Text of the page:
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“Finding Sally”—A Filmmaker Tells Her Aunt’s Story

Sally Dawit, the subject of a new documentary, was the wealthy daughter of an Ethiopian diplomat. She disappeared under mysterious circumstances in the 1970s.

A new documentary called Finding Sally tells the story of Selamawit “Sally” Dawit, who disappeared in Ethiopia at the age of 23. The daughter of an Ethiopian diplomat, Sally grew up in countries around the world, wherever her father was stationed. After traveling to Ethiopia in the 1970s, she joined forces with rebels who were fighting the country’s brutal military government.

Nearly four decades after Sally’s mysterious disappearance, her niece, Tamara Mariam Dawit, moved from her home in Canada to Ethiopia. When she arrived, she noticed a portrait of Sally on her grandmother’s mantle. Dawit began to piece together the story of the aunt she never knew. She would go on to write and direct Finding Sally.

I recently got the chance to talk with Dawit about her new film, which is being featured this spring by the Hot Docs Canadian International Film Festival. Here are highlights from our conversation, which has been edited for brevity and clarity.

What inspired you to tell Sally’s story? 

I wanted to talk about how she went missing and what my family felt about that. But I also wanted to tell the broader human rights and historical story. I knew that there had been a lot of human rights issues in Ethiopia in the 1970s. Finding out about Sally gave me an opportunity to research that further.  

 

“It’s OK to fight for the things you believe in,” says filmmaker Tamara Mariam Dawit.

Knowing that it could cost her her life, why did Sally protest the government’s human rights abuses?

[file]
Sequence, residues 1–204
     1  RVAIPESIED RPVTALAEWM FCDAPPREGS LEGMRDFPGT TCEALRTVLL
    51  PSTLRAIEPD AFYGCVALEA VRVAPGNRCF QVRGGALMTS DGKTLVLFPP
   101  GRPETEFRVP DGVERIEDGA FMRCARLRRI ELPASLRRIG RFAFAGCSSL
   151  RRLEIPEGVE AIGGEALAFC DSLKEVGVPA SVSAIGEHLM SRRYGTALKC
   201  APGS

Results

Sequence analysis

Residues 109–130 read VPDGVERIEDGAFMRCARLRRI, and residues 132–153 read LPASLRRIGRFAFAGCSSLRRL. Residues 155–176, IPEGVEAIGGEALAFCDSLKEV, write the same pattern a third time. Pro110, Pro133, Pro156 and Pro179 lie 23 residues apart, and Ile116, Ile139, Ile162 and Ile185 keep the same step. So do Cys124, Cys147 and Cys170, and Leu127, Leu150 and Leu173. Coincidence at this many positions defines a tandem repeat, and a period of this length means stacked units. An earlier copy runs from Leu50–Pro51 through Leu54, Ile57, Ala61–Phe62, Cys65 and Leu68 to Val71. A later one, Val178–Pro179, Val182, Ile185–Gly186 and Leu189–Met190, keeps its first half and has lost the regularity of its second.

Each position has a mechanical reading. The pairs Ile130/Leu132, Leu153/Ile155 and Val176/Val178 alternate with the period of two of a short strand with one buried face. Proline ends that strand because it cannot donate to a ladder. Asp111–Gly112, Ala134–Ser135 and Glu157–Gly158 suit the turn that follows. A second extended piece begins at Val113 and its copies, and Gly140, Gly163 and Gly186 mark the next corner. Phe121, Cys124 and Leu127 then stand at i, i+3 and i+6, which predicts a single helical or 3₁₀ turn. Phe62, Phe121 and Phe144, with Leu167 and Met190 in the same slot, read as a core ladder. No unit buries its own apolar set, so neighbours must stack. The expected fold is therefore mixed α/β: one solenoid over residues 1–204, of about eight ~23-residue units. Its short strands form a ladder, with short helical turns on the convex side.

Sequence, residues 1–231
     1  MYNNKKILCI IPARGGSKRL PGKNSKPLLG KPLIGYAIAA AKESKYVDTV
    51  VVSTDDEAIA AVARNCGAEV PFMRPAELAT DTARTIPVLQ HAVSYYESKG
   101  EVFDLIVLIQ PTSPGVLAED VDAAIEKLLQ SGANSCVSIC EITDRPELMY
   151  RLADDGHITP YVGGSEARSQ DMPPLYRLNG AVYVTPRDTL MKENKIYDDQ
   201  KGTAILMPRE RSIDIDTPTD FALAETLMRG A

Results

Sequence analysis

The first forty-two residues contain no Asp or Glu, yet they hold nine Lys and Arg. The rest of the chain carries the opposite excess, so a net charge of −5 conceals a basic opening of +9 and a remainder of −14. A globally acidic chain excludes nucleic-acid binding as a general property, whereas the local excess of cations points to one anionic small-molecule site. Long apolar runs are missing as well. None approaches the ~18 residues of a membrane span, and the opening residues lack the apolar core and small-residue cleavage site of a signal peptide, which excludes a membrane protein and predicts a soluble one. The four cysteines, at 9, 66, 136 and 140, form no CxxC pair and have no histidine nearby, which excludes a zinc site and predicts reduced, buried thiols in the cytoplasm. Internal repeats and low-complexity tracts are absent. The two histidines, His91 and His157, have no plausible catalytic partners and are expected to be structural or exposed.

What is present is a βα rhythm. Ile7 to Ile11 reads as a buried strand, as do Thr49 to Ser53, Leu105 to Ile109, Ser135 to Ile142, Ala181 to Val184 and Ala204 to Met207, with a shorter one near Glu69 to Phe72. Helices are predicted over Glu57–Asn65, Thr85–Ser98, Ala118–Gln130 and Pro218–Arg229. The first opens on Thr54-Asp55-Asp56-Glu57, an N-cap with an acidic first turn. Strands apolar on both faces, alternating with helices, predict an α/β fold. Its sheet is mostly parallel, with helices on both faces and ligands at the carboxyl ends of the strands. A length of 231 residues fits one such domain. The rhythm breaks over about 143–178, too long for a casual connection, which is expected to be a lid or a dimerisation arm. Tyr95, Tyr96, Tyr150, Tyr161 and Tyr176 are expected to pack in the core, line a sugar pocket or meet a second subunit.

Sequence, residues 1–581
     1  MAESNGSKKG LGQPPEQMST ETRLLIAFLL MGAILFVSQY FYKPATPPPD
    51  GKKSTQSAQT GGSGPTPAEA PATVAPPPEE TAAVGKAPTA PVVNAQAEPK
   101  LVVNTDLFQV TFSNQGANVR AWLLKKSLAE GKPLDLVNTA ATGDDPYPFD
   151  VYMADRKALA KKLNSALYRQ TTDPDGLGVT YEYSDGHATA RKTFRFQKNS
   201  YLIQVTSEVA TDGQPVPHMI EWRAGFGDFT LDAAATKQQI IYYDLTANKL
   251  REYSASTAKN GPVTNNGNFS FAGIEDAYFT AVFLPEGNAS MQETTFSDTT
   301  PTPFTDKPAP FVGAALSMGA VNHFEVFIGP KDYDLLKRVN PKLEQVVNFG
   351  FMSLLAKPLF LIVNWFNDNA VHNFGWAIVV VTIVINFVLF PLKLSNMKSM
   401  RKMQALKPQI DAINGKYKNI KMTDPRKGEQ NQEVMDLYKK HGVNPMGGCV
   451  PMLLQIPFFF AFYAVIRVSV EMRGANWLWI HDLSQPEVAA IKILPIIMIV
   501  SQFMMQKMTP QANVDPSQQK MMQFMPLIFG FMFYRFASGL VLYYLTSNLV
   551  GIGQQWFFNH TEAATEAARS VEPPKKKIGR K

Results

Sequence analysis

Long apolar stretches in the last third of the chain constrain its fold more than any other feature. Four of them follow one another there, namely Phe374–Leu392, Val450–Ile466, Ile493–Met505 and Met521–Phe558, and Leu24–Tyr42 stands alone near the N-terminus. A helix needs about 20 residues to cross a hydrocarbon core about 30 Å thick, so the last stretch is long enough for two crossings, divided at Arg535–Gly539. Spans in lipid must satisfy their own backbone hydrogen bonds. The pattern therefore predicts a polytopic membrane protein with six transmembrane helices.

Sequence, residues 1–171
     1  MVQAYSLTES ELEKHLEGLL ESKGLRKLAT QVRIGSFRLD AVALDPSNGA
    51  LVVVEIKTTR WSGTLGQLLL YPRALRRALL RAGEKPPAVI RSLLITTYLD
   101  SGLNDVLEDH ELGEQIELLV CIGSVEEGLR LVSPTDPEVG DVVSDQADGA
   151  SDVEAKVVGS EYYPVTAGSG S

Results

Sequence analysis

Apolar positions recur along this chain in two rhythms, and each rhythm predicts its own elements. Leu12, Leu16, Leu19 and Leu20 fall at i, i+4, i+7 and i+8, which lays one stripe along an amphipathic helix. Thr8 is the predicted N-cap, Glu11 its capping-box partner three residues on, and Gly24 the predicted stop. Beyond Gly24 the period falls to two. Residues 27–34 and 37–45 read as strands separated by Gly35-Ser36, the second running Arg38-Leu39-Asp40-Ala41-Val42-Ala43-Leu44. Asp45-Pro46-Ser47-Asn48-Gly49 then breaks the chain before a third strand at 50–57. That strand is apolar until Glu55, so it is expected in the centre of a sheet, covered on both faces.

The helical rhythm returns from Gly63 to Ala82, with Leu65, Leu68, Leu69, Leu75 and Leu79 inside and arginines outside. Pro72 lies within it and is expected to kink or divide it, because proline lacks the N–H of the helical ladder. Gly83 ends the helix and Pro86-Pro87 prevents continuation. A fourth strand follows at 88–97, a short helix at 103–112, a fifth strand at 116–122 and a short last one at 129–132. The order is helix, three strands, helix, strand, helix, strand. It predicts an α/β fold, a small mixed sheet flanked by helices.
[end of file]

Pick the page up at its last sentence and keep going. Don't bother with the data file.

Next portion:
My grandfather told his children that even though they didn’t grow up in Ethiopia, they were still Ethiopian. They would have to give some part of themselves to their country. Sally really took that to heart. She believed that by accepting the risks of fighting abuse, she could bring about the positive future she wanted young Ethiopians and herself to have.  

How did your family deal with the path Sally chose?

Watching the film, you get multiple perspectives from my aunts. Some family members thought that Sally was doing these things because she was being influenced by her husband [a leader of the rebel group]. Others thought that what she was doing was really important. Another big concern was the risk Sally was placing her parents in.

After Sally disappeared, my aunts didn’t share any rumors or information about her with my grandmother because they didn't want her to worry or give her false hope. 

 

Sally (center) became a rebel who fought the abuses of a brutal military government in Ethiopia in the 1970s. 

What do you want viewers to take away from the film?

Ethiopians don’t always learn history in school, or even attend school, and older generations tend not to discuss the things they went through because of the trauma attached to their memories. Hence, the country often repeats the same mistakes. So a big lesson is the importance of looking at your past and knowing what happened there—as a country or a family—so you can move forward.

The other lesson is that it’s OK to fight for the things you believe in and that you should push for the change you want to see. 

Hot Docs is showcasing Finding Sally on CBC Gem (a Canadian Broadcast Corporation channel) until June 24.

Photos courtesy of Tamara Mariam Dawitt